WiFi sharing with social networking

February 16th, 2007 at 12:00 am
 


About two weeks ago, a new WiFi software was launched. Called Whisher, this software allows existing users of WiFi to share their connections with friends. The software handles all the necessary configurations thus any manual tinkering with your routers or even buying additional equipment will not be necessary. The company was founded by telecommunication engineer Ferran Moreno and aeronautical engineer Mike Puchol following their belief that WiFi will soon be made available free for everyone. And when that time comes, people will go to Whisher and use it as a tool easily access WiFi.

But Whisher is not alone nor is it a pioneer in this endeavor. One year old FON is perhaps Whisher's biggest competitor. Just like Whisher, FON gives users a chance to share their WiFi connections. The main difference is in the “how”. FON uses their own system, tweaked up router Fonera to allow sharing of connections. Meanwhile, by simply installing Whisher to your computer it will be able to access any current WiFi connection or router automatically.

Despite this feature, Whisher is already at a disadvantage since FON has already received more or less $40 million in investments which the company can easily use to the further development of their software and hardware systems. Compared this to the limited resource the newcomer Whisher has at the moment.

Fortunately for Whisher, it has some unique features. Whisher not only shares your WiFi connection but it also establishes a social networking community. Let's say you're in a restaurant using your laptop and WiFi connection and you have Whisher installed in your system. What the program will do is to tell you if there are other users in the area who are also logged on to the Whisher community. It is an easy way to make friends, at least now, you will be able to share more than just WiFi connection. This social networking capability of Whisher might be the deciding factor that will convince users to go with Whisher at this point.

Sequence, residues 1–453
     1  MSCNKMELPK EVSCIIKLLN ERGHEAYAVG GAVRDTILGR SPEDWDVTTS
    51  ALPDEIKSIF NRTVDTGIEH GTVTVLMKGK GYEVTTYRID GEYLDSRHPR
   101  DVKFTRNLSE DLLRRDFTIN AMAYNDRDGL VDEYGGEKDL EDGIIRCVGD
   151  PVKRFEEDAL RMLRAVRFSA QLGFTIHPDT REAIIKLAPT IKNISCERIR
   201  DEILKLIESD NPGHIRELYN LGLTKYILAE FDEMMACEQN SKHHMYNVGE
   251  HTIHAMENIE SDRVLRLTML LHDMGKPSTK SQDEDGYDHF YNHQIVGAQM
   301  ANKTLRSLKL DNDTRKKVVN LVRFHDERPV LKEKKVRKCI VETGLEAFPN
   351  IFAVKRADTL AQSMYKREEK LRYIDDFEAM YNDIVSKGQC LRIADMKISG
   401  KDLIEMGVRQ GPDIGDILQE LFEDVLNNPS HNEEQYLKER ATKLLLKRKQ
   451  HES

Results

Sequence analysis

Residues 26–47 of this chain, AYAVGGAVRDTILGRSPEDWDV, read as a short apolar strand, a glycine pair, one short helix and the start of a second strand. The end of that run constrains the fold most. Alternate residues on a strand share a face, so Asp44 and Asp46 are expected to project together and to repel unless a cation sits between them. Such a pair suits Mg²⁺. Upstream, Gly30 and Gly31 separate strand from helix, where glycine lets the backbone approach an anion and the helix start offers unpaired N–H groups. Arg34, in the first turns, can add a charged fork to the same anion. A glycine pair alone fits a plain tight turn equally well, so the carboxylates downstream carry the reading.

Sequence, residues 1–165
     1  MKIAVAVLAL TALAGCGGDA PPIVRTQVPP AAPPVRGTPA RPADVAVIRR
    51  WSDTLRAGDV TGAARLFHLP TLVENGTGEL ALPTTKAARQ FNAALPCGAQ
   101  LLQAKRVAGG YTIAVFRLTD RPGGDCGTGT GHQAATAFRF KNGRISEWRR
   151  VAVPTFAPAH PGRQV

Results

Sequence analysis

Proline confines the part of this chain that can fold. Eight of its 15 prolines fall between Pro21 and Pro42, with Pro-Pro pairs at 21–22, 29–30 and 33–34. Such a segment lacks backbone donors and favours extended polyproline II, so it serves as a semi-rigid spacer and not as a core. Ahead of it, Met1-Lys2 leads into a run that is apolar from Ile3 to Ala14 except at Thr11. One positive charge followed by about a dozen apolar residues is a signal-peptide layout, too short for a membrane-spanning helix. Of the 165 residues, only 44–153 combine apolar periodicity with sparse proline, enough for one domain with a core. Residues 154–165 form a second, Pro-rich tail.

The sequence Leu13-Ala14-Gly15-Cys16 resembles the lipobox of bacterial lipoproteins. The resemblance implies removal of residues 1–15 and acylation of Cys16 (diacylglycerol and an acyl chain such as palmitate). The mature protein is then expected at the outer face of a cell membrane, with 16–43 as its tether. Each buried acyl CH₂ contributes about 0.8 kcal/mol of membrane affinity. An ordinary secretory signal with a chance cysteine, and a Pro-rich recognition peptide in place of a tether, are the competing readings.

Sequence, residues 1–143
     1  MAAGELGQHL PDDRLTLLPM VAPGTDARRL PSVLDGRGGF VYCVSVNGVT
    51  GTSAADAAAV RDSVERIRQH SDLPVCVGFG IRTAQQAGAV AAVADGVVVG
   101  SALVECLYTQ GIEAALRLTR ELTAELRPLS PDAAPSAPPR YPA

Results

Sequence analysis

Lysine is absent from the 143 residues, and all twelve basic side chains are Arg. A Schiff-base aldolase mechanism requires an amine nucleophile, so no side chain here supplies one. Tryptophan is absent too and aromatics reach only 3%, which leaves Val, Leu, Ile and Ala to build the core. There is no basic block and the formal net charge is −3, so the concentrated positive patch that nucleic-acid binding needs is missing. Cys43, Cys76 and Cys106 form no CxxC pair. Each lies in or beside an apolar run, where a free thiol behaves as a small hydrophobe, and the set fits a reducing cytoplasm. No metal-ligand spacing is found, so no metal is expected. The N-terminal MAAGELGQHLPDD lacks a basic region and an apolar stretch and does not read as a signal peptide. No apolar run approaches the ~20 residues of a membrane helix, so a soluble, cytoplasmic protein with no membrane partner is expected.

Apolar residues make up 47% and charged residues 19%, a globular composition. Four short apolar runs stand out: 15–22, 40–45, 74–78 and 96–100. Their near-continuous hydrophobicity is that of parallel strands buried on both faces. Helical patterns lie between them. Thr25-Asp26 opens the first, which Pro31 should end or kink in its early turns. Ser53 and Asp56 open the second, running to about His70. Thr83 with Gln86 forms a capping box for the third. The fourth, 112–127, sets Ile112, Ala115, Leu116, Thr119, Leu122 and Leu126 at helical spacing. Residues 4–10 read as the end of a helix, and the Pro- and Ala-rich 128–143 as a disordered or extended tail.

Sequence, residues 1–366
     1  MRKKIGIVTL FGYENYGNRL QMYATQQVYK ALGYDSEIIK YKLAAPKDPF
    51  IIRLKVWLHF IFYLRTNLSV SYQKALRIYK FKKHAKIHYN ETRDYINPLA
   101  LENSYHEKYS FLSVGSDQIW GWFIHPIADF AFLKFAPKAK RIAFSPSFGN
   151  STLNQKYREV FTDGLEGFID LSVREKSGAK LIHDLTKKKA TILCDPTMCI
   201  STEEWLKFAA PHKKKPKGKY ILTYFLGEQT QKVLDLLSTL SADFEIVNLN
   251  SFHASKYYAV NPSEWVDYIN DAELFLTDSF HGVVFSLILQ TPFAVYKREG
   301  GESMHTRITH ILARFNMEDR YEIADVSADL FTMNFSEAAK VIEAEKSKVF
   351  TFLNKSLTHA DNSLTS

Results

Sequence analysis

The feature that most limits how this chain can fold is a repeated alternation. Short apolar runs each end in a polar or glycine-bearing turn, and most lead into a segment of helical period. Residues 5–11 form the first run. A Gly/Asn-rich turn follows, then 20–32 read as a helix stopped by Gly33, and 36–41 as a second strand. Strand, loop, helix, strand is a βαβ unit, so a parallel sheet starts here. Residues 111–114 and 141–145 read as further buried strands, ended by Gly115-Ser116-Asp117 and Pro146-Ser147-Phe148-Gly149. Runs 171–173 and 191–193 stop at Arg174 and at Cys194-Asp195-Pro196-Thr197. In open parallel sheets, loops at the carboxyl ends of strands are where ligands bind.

But aside from FON, Whisher still has to get enough resources to maneuver itself through the other notable players in the industry, namely Google Wifi , T-Mobile , AT&T and Boingo.

The only problem with sharing your WiFi is it will definitely affect your bandwidth size. The more you share, means the less bandwidth left for your own use, resulting to slower internet connection. Fortunately, Whisher has full control when sharing connections. By activating the private mode, all other users sharing your connection will be disconnected regaining full access to your own WiFi.